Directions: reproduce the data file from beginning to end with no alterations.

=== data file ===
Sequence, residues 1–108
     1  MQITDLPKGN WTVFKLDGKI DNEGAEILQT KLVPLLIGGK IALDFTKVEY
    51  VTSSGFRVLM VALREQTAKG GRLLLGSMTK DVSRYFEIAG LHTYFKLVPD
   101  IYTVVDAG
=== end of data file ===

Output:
Sequence, residues 1–108
     1  MQITDLPKGN WTVFKLDGKI DNEGAEILQT KLVPLLIGGK IALDFTKVEY
    51  VTSSGFRVLM VALREQTAKG GRLLLGSMTK DVSRYFEIAG LHTYFKLVPD
   101  IYTVVDAG